∏• Hackman, 22, is the daughter of two former animators who now live in rural Devon. She was a day pupil at Bedales, the Hampshire public school famous for hosting the children of celebrities (Lily Allen, Teddy Thompson, Sophie Dahl), letting them call teachers by their first names and — according to some troubled parents — turn up to lessons in their pyjamas. In a week when the 40–year–old James Blunt is still being made to answer for his posh start, Hackman is adamant that Bedales was nothing but a good thing. She and her brother Ben (now a record producer known simply as Hackman) were on bursaries — they couldn’t afford to board — but, perhaps surprisingly, she longed to do so. By sixth form it was just her and one other girl getting picked up by their mums; arriving home just when the fun was starting for everyone else, she applied herself to songwriting. Her father had pulled her first guitar out of a skip. She began composing at 14 and proudly presented her first song to her brother only for him to point out, “you’re such an idiot, that’s by the Foo Fighters”. She and Delevinge briefly formed a covers band at school and rehearsed the hits of the 1990s — such as Natalie Imbruglia’s Torn (“an absolute classic!”).
∏• She cuts a wholesome, smiley kind of figure — you can’t imagine she’d really have suited the fashion world. Her lyrics, and her self–directed videos, reveal an appetite for the grotesque. In 2012’s Cannibal, she recreated a food orgy inspired by the “barforama” in the film Stand By Me: a panel of gluttons stuff themselves with jelly and solid blocks of butter (“they had buckets under the table”). In an early online hit Bath Is Black, written when she was 17, she sank into a tub of poster paint and “had black bogeys for days”. And the video for the new track Animal Fear will feature an evisceration of some kind (a Facebook shot reveals her 1966 Fender Mustang spattered with fake blood). Severed limbs, decomposition and emotional self–sabotage continue to inspire her — in the new song Monday Afternoon she is “breathing in the sickly sweet of my rotting skin”. She wrote the song about the time her appendix burst.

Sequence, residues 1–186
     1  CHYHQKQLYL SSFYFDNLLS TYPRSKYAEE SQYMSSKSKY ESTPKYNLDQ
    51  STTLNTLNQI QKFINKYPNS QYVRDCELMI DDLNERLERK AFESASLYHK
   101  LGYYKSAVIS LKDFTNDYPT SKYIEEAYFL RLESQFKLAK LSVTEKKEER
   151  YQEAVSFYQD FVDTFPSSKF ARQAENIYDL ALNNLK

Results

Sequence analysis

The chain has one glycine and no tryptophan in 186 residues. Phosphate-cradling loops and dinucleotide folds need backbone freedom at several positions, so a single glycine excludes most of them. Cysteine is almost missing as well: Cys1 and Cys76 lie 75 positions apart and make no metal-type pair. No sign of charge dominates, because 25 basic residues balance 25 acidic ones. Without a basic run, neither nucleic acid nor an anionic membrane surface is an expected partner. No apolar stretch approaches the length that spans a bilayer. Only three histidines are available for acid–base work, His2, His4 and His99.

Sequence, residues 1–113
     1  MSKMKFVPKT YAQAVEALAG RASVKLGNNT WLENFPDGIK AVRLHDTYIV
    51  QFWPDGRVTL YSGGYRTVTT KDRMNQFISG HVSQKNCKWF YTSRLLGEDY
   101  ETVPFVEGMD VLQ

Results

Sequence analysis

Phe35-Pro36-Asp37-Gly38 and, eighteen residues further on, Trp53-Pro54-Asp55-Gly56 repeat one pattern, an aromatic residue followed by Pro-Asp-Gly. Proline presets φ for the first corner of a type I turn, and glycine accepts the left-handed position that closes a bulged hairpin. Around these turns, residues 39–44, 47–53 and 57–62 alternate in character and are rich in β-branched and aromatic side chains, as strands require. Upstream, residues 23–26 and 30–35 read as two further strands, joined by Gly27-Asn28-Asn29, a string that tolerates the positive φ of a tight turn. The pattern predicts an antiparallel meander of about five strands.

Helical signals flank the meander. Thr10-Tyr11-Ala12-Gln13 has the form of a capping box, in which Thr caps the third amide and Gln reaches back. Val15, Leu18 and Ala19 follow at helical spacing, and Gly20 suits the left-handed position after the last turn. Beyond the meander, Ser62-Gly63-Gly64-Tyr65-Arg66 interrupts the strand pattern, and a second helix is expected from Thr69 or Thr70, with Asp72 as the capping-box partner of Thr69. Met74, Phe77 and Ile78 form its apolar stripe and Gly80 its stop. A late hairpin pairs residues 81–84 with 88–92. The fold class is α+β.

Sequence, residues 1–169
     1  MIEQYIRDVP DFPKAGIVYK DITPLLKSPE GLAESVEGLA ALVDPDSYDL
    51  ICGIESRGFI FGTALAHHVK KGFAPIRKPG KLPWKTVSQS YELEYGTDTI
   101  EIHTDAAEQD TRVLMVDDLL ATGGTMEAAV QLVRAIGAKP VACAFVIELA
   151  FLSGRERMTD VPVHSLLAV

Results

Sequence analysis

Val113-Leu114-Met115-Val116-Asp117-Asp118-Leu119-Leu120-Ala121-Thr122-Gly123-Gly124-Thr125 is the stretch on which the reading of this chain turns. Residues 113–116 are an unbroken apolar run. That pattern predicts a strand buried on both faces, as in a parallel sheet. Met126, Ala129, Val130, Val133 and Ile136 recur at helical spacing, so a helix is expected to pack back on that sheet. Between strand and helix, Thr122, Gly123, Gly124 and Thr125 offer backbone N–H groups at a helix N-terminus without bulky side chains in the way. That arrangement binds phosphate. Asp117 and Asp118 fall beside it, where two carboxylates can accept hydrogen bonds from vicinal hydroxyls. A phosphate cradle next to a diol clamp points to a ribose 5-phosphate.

∏• “I’m not a really unhappy, disturbed person but I’ve always had a dark side, I think everyone does,” she says, cheerily enough. “There’s an immense sense of relief once I’ve written a song: it almost feels like you’ve let something go. Songwriting is about trudging through the darker sides of your brain and sifting that stuff out.” The tracks for her first three EPs came together over eight years, but having received a publishing deal from Transgressive in advance of the full–length album, she decided to sit down and see if she could write 12 new ones in the space of two months. Thoughts of Lena Dunham’s disastrous “ebook deadline” in Girls spring to mind; as it turns out, the extreme pressure was a gateway to the dark place all songwriters have to go to.